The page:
Opioids are prescription painkillers that have gained popularity as a recreational drug. Unfortunately, due to their powerful addictive qualities, recreational use quickly turns into a serious drug problem.

A person with a dependency may be able to conceal the issue in the early stages. Eventually, they’ll start to show more apparent signs of opioid addiction.

If you suspect a loved one has a problem, it helps to educate yourself so you can spot the problem and get them the assistance they need.

To help you out, we’re going over some details about opioids and the tell-tale signs of addiction.

Becoming Addicted to Opioids

Doctors prescribe opioids for pain related to an injury, illness, or after a surgery. The drug produces artificial endorphins in the brain that block pain and create a feeling of euphoria.

If a person uses opioids for too long, their brain gets used to the endorphins and begins to rely on them. Once this happens, the brain stops producing its own natural endorphins. Therefore, the user becomes dependent on those endorphins created by opioids.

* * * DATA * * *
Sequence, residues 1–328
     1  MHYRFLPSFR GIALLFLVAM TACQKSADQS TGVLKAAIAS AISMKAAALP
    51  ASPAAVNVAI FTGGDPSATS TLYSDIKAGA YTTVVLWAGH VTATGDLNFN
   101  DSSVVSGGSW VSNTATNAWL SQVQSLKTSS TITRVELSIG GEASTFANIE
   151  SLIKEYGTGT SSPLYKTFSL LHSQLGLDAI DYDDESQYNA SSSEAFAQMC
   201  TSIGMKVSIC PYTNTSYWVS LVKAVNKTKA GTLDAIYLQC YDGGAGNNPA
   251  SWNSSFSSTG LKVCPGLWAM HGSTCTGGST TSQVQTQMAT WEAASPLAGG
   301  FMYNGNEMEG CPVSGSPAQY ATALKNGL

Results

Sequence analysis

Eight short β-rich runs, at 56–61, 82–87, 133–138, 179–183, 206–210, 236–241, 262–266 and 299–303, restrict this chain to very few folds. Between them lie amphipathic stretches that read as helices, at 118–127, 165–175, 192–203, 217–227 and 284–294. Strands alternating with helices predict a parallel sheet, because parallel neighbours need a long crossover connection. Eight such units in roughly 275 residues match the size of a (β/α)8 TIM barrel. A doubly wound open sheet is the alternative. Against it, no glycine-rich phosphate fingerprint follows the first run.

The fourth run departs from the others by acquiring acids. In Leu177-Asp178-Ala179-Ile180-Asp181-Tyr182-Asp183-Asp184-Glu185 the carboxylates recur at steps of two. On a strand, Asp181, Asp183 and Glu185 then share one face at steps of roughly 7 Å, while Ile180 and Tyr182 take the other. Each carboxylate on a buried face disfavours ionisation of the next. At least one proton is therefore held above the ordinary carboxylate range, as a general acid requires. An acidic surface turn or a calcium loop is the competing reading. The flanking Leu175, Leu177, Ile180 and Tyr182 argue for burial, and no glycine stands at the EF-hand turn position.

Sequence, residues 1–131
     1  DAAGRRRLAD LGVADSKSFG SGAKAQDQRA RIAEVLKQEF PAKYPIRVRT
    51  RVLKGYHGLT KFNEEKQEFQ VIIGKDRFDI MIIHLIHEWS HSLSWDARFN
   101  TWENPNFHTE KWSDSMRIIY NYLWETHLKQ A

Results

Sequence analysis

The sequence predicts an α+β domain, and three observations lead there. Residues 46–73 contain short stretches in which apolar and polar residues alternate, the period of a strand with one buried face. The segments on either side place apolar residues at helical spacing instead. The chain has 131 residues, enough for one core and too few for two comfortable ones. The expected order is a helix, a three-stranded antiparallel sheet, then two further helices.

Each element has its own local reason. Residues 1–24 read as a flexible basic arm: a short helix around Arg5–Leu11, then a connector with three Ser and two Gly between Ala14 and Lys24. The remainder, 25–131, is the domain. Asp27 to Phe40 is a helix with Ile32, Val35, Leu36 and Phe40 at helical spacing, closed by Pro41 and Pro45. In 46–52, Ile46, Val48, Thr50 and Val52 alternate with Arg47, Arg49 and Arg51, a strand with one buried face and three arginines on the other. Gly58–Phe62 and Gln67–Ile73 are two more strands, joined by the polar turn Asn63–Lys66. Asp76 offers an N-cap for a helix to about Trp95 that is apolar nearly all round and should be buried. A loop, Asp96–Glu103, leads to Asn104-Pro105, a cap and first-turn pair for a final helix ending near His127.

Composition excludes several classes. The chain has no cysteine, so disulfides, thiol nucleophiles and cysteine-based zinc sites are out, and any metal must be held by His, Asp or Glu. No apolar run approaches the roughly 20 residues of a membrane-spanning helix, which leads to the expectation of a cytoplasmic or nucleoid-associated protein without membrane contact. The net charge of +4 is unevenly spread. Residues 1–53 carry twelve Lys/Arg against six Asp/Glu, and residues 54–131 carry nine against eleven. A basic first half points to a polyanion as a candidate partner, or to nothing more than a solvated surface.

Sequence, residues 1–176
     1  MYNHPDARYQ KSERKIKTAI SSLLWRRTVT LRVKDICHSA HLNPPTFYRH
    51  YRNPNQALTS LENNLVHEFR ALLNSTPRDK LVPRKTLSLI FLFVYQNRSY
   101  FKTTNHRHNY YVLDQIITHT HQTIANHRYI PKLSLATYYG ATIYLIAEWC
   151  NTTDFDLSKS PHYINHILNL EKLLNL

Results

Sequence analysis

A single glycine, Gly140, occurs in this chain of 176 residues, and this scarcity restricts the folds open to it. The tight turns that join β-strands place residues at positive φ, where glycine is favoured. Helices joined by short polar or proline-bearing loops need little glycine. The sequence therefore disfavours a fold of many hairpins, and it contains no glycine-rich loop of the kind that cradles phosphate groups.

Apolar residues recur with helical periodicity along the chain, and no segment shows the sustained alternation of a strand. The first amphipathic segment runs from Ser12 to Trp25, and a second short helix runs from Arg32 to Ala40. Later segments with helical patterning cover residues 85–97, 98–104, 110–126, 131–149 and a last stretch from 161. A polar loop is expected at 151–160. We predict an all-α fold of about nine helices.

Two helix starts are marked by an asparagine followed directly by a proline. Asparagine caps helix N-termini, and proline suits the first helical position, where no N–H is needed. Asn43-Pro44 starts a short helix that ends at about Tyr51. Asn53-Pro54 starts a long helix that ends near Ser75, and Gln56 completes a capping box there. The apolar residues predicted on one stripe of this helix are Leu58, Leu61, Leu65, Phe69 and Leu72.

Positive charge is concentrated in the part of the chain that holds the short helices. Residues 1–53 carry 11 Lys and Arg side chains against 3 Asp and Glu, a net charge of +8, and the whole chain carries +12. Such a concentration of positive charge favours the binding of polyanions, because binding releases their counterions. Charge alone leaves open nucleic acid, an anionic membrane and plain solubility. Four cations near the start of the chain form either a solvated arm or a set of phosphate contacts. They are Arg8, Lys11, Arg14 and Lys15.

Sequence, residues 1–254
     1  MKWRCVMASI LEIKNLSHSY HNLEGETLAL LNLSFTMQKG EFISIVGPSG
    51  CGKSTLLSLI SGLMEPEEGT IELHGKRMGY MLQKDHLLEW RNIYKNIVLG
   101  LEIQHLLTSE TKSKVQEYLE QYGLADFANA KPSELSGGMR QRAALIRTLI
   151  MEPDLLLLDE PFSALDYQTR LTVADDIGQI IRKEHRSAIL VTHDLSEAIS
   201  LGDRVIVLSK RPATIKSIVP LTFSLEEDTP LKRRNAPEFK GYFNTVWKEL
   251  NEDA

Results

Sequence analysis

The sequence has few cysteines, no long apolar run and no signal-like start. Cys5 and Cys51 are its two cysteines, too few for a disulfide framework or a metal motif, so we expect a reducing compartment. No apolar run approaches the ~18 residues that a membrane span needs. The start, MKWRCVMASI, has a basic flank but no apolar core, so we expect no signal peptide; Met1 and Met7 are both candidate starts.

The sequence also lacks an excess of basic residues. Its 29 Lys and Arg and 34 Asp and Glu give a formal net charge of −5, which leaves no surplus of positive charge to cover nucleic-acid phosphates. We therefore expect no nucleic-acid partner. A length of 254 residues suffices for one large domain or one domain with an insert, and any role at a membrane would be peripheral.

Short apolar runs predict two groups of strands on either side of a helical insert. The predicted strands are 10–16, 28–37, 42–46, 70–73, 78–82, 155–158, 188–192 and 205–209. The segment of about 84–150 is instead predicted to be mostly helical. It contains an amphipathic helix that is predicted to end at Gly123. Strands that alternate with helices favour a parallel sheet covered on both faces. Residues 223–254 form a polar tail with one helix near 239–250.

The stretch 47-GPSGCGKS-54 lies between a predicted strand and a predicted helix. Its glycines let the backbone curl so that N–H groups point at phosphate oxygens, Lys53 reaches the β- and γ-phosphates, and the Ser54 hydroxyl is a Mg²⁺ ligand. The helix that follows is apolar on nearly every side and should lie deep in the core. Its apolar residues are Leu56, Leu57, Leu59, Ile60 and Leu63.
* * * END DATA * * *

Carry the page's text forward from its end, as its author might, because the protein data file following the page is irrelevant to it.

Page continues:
Dependence is a normal part of taking any drug for an extended period of time. However, addiction occurs when a person’s body and mind cannot function properly without the use of a drug.

At this point, the addict requires treatment to get over an addiction. In the case of opioids, this is overcoming addiction by use of methadone maintenance treatment.

Signs of Opiate Addiction

If you suspect a loved one has an addiction, it helps to know if they’ve ever needed a prescription for an opioid drug. They may have needed a painkiller for a medical condition and became addicted while taking it.

Some of the more common opioids include:

  • Hydrocodone
  • Oxycodone
  • Fentanyl
  • Morphine
  • OxyContin
  • Meperidine

Any of these opioids have the potential for serious addiction. Even if a person no longer has a prescription, they can find them illegally.

Once dependency reaches the addiction stage, the user will start to show both physical and behavioral signs of opioid abuse and addiction.

Physical Signs of Addiction

There are many physical symptoms of opiate abuse you’ll need to look out for. These symptoms mean that a dependency has turned to addiction and the person’s body needs the drug in order to feel normal and function day to day.